Just about everyone who researches the effectiveness of returning customers vs new customers comes to the same conclusion:
Repeat customers are better in almost every way.
So why is so much more attention given to acquiring new customers?
I can understand the volume argument, the "my repeat customers aren't enough to keep my business going by themselves" but isn't that a symptom of a different root problem? That you're not getting enough customers to come back because your repeat customer process is performing so poorly?
It feels like the grass is greener joke.
"What I see everyone else is doing must be better, right?"
New customer acquisition is flashy. New tech. New tactics. New case studies of how someone did something different and made a bazillion. All stuff you wish you could be doing.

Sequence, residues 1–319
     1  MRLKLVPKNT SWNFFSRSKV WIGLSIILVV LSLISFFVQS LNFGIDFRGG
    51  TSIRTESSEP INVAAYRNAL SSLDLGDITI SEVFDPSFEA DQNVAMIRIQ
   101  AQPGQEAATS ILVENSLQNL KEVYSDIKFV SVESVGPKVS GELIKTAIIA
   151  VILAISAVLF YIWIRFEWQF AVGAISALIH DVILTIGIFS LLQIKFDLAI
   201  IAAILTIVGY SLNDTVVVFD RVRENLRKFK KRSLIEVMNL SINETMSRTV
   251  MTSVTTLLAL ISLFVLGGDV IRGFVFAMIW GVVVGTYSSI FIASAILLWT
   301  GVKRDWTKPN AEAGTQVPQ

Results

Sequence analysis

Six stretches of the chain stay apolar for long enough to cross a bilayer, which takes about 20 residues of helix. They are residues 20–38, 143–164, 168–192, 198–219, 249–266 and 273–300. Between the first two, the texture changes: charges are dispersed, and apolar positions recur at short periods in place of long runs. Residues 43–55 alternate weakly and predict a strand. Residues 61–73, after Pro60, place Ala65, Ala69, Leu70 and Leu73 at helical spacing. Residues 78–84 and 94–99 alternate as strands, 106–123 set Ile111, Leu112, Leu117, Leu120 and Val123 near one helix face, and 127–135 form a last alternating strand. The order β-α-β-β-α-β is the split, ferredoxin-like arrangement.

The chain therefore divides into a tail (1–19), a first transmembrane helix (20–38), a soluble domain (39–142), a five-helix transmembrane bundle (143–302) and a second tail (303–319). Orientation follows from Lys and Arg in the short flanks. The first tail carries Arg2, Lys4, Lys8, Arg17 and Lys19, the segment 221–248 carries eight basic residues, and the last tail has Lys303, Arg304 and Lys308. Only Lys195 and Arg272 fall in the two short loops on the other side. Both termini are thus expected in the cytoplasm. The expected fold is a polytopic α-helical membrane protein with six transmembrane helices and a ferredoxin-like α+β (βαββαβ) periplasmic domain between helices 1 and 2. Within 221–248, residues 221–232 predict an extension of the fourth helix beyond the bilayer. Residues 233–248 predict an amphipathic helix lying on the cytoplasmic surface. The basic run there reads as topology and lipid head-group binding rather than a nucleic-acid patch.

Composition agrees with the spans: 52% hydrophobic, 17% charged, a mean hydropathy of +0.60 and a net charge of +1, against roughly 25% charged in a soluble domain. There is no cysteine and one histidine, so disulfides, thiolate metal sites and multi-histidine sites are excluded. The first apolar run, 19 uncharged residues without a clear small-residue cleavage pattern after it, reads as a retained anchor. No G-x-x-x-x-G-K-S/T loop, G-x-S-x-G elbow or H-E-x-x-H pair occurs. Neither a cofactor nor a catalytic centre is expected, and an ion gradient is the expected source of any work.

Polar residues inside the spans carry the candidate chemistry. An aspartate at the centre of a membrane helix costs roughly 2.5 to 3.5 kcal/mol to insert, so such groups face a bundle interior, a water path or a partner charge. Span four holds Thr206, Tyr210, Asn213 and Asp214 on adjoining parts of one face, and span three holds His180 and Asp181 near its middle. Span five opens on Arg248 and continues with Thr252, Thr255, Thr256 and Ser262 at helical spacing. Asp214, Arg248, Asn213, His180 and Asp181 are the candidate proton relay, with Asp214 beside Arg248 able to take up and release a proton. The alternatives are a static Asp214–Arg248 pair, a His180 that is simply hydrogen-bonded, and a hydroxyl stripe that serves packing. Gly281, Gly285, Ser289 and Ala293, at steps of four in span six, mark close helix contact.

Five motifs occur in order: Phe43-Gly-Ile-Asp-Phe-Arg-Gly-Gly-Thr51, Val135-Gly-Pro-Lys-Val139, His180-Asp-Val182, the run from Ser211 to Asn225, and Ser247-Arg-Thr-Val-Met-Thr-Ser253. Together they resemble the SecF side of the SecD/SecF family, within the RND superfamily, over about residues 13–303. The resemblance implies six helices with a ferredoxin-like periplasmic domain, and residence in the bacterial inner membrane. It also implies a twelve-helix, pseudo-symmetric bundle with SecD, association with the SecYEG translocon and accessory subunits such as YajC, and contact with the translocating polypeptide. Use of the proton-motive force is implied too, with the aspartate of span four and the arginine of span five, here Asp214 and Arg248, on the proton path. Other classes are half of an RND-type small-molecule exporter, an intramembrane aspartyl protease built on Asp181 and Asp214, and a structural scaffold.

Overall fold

Repeat customer retention are boring in comparison. It's not an entertaining. It's consistency. Trust. Loyalty. Long-term work where even a 1% lift can shift profit graphs.
But repeat customer retention is also hidden.
If you were keeping 90% of your customers from year to year and making sale after sale from them, you'd consider keeping that private so your competitors don't "borrow" your tactics.
I think the really great companies know this and they downplay or keep their repeat customer systems hidden away. Based on what I've seen with some metric reviews I've performed for Repeat Customer Insights customers, there are some sleeper companies out there doing crazy amounts of repeat business.
You might want to consider a "boring" old repeat customer retention system before venturing into the next flashy traffic idea that bloggers pitch.
When are your customers defecting?
Are your customers defecting? Use Repeat Customer Insights to find out where in their lifecycle you're losing them.